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United States v. Starrett City Associates

    Brief Fact Summary. Starrett City Associates (P) was sued by the United States which sought summary judgment and permanent injunction preventing Starrett from discriminating against racial minorities in apartment rental. Starrett appealed on the ground that its tenant selection procedures were meant to achieve racial integration and were in accordance with the Fair Housing Act.

    Synopsis of Rule of Law. The Fair Housing Act may operate to prevent rigid racial reservation systems from being maintained indefinitely to perpetuate a fixed level of integration in public housing, if such systems fail to provide adequate access to public housing for the minority.

    Facts. Starrett City Associates (D) owned and operated the largest public housing complex in the U.S. It had a unique tenant rental system which provided for a permanent mix of 64 percent white tenants, 22 percent black and 8 percent Hispanic. This was intended to prevent the mass exodus of white tenants and to achieve racial integration. Its tenant selection process was intended to perpetuate this ratio, each departing tenant being replaced by a new one of similar race or national origin. It is undisputed that this practice prevented minority communities from having increased access to the complex. The Government (P) sued Starrett on the ground of minority discrimination on the basis of race, in violation of the Fair Housing Act. Both parties moved for summary judgment in their favor. The court granted summary judgment to the Government, permanently enjoining Starrett to abandon its selection process which prevented adequate minority access to the complex on account of their race. Starrett appealed.

    Issue. Does the Fair Housing Act operate to prevent rigid racial reservation systems from being maintained indefinitely to perpetuate a fixed level of integration in public housing, if such systems fail to provide adequate access to public housing for the minority?

    Held. (Miner, J.) Yes. The Fair Housing Act may operate to prevent rigid racial reservation systems from being maintained indefinitely to perpetuate a fixed level of integration in public housing, if such systems fail to provide adequate access to public housing for the minority. A housing practice may fall foul of the FHA not only for being racially discriminatory but for affecting minorities out of proportion to the majority community. Quota systems, as a rule, work against the dual aims of the FHA, integration and anti-discrimination. Any system which makes classifications purely on the basis of race is presumed to be discriminatory. However, an affirmative action which takes account of race need not be in conflict with constitutional or statutory law. However, such actions should be intended to be for only a short time and to end on attaining a specific goal. Such actions usually result in increasing or ensuring minority participation and are upheld. On the other hand, plans to maintain a fixed level of integration usually restrict minority participation and are not usually valid. A last point is that quotas are meant to redress past minority discrimination or imbalance. In this case, Starrett’s only rationale for its quota system is maintaining a fixed level of integration. It has been maintained for more than fifteen years. It has no redressal goals in view. It prevents any increase in the minority participation in the complex. Fear of the whites leaving en masse cannot justify restriction of minority access. In this case the use of a racial quota is not inappropriate. The verdict is affirmed.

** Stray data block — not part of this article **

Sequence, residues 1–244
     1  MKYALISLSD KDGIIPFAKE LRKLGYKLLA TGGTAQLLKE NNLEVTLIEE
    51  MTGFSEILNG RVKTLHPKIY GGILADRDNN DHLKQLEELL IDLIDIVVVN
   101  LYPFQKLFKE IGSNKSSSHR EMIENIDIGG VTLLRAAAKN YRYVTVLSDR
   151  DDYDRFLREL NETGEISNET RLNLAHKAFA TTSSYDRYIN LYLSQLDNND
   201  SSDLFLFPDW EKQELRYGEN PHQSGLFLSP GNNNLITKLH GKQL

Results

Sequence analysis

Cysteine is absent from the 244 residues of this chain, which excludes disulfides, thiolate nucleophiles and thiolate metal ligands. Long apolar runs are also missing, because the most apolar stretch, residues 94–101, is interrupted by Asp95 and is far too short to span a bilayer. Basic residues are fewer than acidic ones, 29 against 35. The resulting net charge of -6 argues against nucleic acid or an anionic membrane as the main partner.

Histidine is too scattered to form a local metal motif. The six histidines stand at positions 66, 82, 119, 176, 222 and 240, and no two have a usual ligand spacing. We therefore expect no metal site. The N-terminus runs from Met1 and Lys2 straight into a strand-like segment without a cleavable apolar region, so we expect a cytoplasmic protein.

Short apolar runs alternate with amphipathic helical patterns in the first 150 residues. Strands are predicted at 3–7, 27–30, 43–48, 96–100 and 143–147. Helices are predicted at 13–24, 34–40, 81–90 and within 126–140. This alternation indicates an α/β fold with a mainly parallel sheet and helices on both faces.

Dissent. (Newman, J.) The FHA was meant to prevent segregation from being a permanent phenomenon, and not to prohibit fixed racial quotas meant to achieve and maintain racial integration as Starrett was trying to do.

    Concurrence. N/A

    Discussion. A housing practice need not be racially discriminatory to violate the FHA. It can also violate this law by having some effect on the minorities which is out of proportion to their number. All racial classifications are not discriminatory, even if they adversely affect minorities,  unless their motive is such as to depress the minority races. For instance, a justifiable increase in the rental may cause a drop in the percentage of minority tenants, but may not be racially motivated and so may not violate the FHA.


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